A minor incident ordering coffee
So I've noticed this lovely little coffee shop with an intimate atmosphere, comfortable seating and wifi. Win! I have to make a meeting after lunch, but there's no queue so I order my coffee and take a seat. Ten minutes later and still no coffee - it turns out that they'd taken a large order just before I walked in. I end up pouring my cup out into a takeaway cup and running back to the office. Luckily the client is later than me.
How did this go wrong? I expected usual coffee shop dynamics to apply, with a visible queue as a rough indication of how long I'd have to wait. But with table service, no queue...
A minor incident ordering takeaway
My wife and I are in a mood for takeaway. We spot a local Nepalese restaurant on a local online service, order and pay. It comes back and tells us that our food will be delivered in 1 hour. Damn. Normally I'd ask how long it will take before placing my order, but the website has removed that step from the workflow. And we're hungry!
Your project should be a Naked Lunch
Both times the assumptions that I use to regulate my order were violated. In the coffee shop, no visible backlog. On the online order form, no delivery time information. It worked out well for the suppliers - an order when I wouldn't have otherwise. But it's a very short-term win - I won't order takeaway online again and I'll be more cautious next time I visit that lovely little coffee shop. I need clear information to make an informed decision, to have confidence in my supplier.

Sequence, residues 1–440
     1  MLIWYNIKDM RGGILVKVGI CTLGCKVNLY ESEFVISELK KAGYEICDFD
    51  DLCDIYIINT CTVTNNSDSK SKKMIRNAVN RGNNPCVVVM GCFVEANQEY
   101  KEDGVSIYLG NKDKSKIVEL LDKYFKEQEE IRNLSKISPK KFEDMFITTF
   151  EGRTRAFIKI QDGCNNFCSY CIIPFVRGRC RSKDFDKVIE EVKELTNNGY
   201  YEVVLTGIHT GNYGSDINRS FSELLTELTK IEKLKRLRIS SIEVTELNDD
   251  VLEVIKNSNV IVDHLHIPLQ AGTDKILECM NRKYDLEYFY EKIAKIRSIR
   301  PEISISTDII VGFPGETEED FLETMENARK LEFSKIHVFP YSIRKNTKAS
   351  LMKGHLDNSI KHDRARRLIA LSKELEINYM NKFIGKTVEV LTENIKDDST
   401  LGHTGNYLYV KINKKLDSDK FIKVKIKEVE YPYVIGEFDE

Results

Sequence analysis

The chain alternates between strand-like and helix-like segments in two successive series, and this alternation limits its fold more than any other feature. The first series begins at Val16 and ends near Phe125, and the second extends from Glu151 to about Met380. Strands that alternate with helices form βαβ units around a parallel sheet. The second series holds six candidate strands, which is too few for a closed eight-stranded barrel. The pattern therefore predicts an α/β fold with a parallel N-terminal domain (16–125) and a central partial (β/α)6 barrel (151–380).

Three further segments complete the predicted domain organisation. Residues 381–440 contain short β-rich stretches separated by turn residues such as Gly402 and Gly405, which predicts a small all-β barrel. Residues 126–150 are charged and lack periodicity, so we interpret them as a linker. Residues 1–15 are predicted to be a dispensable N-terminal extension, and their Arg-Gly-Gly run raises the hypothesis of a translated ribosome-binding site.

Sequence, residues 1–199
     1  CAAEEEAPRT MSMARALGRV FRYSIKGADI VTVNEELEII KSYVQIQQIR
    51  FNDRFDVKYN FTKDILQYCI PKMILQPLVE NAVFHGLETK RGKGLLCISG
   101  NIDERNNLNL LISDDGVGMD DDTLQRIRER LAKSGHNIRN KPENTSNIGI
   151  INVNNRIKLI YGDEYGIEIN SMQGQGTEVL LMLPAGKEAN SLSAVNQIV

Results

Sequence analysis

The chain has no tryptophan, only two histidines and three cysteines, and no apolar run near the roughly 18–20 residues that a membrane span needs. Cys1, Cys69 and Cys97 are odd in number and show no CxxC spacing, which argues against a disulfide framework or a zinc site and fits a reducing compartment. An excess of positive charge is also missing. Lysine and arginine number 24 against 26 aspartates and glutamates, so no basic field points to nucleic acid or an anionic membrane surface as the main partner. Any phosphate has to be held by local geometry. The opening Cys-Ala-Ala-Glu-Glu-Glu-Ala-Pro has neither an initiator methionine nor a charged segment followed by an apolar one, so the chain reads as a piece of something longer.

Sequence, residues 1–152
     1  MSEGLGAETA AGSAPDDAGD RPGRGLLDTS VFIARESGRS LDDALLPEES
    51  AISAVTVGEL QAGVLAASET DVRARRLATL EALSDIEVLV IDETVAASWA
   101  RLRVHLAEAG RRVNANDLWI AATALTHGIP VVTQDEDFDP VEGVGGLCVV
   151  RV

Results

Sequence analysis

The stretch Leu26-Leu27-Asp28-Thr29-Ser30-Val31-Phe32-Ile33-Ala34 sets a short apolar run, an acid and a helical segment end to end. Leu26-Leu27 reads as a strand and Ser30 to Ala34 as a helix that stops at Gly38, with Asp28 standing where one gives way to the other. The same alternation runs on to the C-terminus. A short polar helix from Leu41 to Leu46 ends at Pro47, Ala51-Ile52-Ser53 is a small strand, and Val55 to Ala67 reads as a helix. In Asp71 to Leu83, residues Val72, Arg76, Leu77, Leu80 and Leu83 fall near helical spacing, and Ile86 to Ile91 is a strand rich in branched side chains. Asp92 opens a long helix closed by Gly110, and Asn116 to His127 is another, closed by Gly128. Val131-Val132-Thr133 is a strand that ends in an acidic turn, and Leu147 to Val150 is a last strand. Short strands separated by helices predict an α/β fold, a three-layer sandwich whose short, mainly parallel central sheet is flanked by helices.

It's almost facile at this point to suggest that the same applies to your project and your stakeholders. If you want your client to come back, they have to be confident that you're sharing the information they need to make informed decisions. And that means sharing openly. Backlog, risks, delays - the good and the uncomfortable. They have to see exactly what's on the end of every fork.